The solution to the mystery of the Unbroken Spine becomes almost irrelevant. Clay’s real suggestion is that, as Hobbes noted of printing, the internet may not be quite the epoch-busting movement some assume it to be. “I’m really starting to think the whole world’s just a patchwork quilt of crazy little cults,” says Clay, “all with their own secret spaces, their own records, their own rules.”
Among the books Robin Sloan lists as “further reading for Penumbra fans” is included James Gleick’s 2011 The Information. In Sloan’s own words “it is a book interested in messages and codes and the question of what endures and how.” Gleick frames The Information as a problem of communication. We have information, be it letters, books, emails or bits, so that we can communicate. The information we live amongst does not transform the world so much as transform our encounter with it. In the words of theoretical physicist John Archibald Wheeler (knock yourself out) “All things physical are information-theoretic in origin.” In essence then, our understanding of the world is based on our conception of it as information to be understood, or as Gleick himself puts it: “The whole universe is a computer – a cosmic information processing machine.”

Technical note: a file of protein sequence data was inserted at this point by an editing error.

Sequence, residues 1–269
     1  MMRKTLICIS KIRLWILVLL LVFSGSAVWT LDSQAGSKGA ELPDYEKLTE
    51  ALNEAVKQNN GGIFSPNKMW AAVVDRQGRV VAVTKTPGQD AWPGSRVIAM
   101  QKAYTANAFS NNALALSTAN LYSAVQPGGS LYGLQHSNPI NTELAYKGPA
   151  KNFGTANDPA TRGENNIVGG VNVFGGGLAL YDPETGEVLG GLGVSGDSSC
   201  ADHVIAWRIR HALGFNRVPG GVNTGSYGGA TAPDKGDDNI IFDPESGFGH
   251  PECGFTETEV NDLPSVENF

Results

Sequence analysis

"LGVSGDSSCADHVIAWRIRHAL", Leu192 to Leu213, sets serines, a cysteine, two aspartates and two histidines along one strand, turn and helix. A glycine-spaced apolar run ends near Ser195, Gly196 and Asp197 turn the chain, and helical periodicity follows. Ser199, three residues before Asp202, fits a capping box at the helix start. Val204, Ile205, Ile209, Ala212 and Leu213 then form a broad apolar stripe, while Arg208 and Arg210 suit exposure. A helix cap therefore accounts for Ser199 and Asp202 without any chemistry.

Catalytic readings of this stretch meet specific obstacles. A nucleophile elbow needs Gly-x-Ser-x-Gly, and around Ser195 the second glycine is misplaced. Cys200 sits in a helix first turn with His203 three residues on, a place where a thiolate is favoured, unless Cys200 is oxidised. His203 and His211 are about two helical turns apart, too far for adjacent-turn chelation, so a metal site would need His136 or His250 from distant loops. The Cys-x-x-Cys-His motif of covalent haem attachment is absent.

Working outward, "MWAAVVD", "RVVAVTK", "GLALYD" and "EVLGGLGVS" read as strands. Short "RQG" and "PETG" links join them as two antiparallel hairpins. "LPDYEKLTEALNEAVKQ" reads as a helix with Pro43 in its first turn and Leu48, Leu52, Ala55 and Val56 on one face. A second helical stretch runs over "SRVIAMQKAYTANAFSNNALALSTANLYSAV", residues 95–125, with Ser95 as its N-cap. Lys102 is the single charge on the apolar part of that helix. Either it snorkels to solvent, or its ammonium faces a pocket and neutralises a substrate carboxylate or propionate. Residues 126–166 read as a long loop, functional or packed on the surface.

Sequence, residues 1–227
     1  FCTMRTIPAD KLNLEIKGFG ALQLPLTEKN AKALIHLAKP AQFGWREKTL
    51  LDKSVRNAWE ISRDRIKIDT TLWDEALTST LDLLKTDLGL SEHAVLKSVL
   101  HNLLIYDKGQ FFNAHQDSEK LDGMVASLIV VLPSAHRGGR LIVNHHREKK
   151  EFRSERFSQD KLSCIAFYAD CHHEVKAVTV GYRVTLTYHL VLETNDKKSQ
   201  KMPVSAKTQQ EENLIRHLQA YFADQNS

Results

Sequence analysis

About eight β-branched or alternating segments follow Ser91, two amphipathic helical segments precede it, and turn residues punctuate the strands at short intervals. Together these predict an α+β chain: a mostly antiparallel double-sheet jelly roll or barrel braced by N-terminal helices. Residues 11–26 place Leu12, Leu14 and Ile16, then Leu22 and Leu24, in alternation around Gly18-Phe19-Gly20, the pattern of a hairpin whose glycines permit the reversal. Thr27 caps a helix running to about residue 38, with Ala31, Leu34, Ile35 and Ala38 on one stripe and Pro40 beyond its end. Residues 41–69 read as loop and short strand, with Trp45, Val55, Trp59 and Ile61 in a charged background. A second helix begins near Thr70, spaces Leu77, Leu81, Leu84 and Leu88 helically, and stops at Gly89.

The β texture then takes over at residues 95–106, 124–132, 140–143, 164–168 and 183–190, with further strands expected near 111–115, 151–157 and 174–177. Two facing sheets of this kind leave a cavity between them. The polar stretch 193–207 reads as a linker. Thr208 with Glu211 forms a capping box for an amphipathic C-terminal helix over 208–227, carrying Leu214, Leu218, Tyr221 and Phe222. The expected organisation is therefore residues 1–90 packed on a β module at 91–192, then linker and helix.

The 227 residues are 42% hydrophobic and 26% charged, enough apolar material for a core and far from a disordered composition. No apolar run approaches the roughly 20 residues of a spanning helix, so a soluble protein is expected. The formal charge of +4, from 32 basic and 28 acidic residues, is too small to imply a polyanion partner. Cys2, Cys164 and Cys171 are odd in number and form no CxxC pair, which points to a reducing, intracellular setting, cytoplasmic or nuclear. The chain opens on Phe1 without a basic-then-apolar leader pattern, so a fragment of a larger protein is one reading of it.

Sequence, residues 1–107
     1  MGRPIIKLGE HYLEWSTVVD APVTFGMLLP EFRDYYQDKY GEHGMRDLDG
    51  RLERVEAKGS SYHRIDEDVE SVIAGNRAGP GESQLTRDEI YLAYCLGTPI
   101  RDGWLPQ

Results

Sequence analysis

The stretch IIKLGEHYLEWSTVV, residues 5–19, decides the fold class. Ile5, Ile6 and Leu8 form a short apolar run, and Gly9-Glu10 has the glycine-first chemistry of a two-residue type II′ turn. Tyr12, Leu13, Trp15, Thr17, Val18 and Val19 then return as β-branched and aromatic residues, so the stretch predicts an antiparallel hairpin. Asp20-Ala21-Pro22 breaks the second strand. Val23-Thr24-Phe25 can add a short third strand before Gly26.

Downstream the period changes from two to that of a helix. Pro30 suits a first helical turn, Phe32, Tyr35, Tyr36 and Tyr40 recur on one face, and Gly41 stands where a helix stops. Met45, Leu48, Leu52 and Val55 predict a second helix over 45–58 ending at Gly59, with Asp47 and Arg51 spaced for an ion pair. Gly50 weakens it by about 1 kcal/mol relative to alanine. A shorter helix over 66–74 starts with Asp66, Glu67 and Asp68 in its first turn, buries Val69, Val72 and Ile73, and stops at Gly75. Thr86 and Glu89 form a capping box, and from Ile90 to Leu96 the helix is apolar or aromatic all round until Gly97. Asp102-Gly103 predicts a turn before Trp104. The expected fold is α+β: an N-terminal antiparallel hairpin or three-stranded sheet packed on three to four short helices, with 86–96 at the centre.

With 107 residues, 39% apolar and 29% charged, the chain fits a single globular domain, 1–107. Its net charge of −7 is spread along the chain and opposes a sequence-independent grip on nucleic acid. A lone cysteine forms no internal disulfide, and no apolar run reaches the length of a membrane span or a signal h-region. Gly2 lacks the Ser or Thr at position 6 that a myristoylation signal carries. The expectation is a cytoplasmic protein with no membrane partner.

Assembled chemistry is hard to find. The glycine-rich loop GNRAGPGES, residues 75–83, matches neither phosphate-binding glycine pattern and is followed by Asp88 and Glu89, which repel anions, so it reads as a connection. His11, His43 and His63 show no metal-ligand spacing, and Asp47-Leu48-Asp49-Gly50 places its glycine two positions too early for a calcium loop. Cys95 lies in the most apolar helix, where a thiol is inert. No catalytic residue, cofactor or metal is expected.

We could be forgiven for thinking that this is a new problem. We could be forgiven for thinking that the internet has ushered in a new epoch of information. In many respects it has, but the triumph of Mr Penumbra’s 24 Hour Bookstore is to point out that the techies and luddites of the world actually have a great deal in common. The question both the readers of the Unbroken Spine and the tech-futurists at Google are asking is really the same question, one that has been asked for centuries: what is it that we do when we read.
What Mr Penumbra realises almost right away is that to ask what place and purpose reading has in our current age is really to ask what place and purpose reading has in any age. While the novel is clearly in touch with the seismic shifts in the reading culture of our time, it also engages with another revolution in reading – printing – and casts our concerns over the future of knowledge alongside concerns as old as human life itself. Mr Penumbra really asks a very old and very human question: what connects the lives we live in the world to the world in which we live those lives.
It is, above all, a poignant reminder of the value of asking that question, and while some writers see the internet as a scourge on the future of literature, Robin Sloan has written a novel which not only makes the case for the novel to persist online, but ultimately suggests that most of the big questions aren’t changing that much anyway.